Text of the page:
Ways to reform teacher compensation, beyond a $60,000 minimum salary

Teachers rally inside the state Capitol on the second day of a teacher walkout to demand higher pay and more funding for education in Oklahoma City, Oklahoma, U.S., April 3, 2018.  REUTERS/Nick Oxford

Teacher compensation reform has reemerged as an urgent policy topic over the past month, with bills introduced in both chambers of Congress to incentivize states to pay teachers a $60,000 minimum annual salary. This is in addition to calls for action from nearly a dozen state governors to meaningfully increase teacher pay during recent state of the state addresses. Not since the wave of teacher strikes during the spring of 2018 has there been such widespread, focused attention on teacher pay. 

Over the years, I have thought and written much about teacher compensation. They are underpaid in comparison to similarly educated professionals—by an estimated 24% in 2021 (adjusted for inflation)—and this will only grow without decisive action. I agree they should be paid more for the important work they do in the nation’s classrooms.  

Yet, at the same time, I hesitate to endorse the push for a blanket minimum salary. Here, I offer my perspective on what our objectives with teacher compensation reform should be, downsides of the proposed salary minimum, and offer some critical elements of compensation reform that would provide more bang for the buck. 

Defining success 

Current calls for teacher compensation reform are motivated by concerns about teacher shortages, which have been nearing a crisis point during the pandemic. Further, supply lines through university-based training programs have been weakening for more than a decade; now down by more than a third since 2008. Areas of weakness include racially diverse college graduates. Salary minimum proposals appear primarily aimed at increasing earnings enough to shore up the teacher pipeline and motivate current teachers to stay in the classroom. 

I argue, however, that simply attracting more people and reducing attrition is not enough. If we’re going to spend financial and political capital on teacher compensation reform, we must offer more than a one-size-fits-all solution to a complex problem. 

We know teachers are important for many reasons, impacting student learning and many other related outcomes. Great teachers improve students’ lives not just while in their classrooms, but years and even more than a decade later. Yet, students have highly unequal access to great teachers, and this issue is wholly different from the availability of somebody to cover a classroom. Uneven access occurs both within and across schools, and it’s socioeconomically disadvantaged students who suffer.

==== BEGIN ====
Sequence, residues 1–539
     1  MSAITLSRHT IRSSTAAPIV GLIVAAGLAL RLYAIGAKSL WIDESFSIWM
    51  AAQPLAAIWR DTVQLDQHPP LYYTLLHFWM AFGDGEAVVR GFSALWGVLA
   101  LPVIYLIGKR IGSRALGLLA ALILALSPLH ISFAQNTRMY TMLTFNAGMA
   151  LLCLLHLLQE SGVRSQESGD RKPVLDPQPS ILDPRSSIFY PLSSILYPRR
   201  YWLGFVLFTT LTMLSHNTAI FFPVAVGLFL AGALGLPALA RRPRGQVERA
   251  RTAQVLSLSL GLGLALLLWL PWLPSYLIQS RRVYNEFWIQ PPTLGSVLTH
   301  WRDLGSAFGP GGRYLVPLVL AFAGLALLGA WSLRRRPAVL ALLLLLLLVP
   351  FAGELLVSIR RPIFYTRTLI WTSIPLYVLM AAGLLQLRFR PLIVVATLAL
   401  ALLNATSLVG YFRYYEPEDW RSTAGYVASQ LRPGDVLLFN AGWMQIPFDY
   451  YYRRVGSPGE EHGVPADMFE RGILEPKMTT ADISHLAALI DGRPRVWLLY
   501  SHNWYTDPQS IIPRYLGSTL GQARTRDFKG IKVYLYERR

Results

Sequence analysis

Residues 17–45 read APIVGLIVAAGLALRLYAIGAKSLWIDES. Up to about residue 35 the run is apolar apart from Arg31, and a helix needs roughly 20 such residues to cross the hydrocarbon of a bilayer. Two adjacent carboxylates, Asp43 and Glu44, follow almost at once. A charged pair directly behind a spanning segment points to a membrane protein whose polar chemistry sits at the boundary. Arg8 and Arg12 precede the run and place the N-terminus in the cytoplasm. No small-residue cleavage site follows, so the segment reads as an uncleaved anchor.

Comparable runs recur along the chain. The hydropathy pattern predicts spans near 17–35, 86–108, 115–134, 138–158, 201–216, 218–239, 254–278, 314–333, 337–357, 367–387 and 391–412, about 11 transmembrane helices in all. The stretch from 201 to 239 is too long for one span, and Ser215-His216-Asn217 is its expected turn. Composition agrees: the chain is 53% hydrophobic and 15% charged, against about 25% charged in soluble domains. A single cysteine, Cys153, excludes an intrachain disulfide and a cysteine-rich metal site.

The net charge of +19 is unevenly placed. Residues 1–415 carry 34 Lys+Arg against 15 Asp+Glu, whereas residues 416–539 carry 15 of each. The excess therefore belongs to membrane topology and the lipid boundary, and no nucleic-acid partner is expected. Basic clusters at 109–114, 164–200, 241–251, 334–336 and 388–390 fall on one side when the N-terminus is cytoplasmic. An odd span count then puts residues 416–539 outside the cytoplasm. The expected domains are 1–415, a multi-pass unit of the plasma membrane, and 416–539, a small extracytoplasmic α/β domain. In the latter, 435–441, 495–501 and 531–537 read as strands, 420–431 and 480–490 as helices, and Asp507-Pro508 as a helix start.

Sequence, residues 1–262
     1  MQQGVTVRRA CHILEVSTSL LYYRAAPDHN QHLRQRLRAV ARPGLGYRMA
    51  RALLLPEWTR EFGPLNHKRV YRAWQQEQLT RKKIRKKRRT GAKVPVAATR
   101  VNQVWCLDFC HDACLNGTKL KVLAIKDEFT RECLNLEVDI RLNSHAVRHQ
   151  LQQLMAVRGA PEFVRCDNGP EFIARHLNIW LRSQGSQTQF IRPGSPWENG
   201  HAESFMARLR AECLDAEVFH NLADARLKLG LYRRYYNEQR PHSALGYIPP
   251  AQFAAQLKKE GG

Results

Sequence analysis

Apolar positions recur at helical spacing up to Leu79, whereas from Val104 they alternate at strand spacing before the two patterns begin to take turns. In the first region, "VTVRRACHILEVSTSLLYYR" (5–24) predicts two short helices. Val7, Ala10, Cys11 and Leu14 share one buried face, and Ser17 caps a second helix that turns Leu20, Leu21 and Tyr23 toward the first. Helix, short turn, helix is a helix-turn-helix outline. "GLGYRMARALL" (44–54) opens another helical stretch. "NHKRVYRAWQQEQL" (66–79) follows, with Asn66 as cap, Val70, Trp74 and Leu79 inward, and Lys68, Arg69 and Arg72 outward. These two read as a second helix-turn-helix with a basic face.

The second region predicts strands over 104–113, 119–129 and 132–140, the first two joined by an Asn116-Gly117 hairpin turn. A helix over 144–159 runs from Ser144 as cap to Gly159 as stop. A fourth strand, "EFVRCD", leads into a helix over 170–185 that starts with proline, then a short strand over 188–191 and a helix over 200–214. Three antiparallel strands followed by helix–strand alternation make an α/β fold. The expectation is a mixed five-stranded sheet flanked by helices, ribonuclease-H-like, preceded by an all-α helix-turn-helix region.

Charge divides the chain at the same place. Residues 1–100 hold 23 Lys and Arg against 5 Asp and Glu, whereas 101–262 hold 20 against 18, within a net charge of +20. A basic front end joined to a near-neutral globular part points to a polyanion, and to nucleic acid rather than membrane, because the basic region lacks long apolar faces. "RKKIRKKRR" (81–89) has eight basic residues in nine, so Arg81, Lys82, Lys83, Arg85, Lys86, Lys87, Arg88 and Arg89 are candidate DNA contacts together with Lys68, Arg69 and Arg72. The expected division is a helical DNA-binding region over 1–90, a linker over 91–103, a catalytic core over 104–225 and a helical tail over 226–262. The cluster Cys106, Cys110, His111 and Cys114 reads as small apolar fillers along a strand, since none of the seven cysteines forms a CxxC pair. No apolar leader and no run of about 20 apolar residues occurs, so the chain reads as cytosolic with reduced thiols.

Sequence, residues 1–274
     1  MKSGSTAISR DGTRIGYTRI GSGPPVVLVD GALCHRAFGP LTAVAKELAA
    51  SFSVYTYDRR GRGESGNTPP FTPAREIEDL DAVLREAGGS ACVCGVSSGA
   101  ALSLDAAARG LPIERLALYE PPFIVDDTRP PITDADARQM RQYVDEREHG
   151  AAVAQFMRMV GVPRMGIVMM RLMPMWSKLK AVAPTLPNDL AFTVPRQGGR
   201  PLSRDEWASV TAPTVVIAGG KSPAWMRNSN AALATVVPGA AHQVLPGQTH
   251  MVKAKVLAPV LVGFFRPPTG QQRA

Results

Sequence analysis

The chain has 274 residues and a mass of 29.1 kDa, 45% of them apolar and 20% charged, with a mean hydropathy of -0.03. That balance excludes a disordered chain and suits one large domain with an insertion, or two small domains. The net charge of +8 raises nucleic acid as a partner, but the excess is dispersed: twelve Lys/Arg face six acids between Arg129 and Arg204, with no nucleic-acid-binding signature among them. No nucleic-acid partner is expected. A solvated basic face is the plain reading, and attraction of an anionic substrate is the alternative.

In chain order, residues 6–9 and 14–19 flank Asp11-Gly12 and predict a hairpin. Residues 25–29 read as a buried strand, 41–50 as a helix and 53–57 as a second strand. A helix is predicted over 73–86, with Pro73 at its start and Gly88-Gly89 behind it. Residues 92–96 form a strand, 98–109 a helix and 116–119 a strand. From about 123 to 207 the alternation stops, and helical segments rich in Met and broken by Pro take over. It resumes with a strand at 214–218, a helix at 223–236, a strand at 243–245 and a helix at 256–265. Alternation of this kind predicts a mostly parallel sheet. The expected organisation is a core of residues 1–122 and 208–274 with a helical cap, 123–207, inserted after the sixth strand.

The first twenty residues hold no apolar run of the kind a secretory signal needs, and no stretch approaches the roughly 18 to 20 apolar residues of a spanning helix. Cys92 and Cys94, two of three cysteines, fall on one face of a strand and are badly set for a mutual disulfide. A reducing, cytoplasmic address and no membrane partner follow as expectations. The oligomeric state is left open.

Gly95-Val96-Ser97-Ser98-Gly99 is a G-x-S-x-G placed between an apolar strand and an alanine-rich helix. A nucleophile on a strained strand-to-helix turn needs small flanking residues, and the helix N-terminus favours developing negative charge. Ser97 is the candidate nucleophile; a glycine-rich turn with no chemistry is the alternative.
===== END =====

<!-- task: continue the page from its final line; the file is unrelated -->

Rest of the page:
Teacher compensation reform will be a success in my book when we can ensure consistent access to quality teaching for all students, not just slow the revolving door.  

Skepticism for the $60,000 minimum salary 

First, the problem isn’t just about money. Though teacher salaries are low (and more money always helps), salary’s importance in teacher attrition is quite small. To wit—recent analyses from two different states have shown those leaving public schools tend to take lower salaries than what they earned as teachers. Rather, teachers often identify working conditions, leadership, and culture as primary reasons for dissatisfaction and departure. Thus, efforts that pair teacher support with compensation reform are going to have a higher chance of success than salary increases alone. 

Second, we don’t have a global shortage of teacher talent, but a local one. Teacher shortages follow predictable patterns of being most acute in high-need school settings (serving students from low-income backgrounds and located in rural or urban areas) and in specialized fields (mostly STEM subjects and special education). Shortages and underqualified teacher counts also tend to be higher in low-spending states. In other words, many schools have little difficulty finding the talent they need to serve their students well; thus, we need not overspend in places where staffing problems do not exist. Instead, conserve those resources to use where they’re really needed. A global minimum salary provides little reason to expect that any of these local issues would be adequately addressed.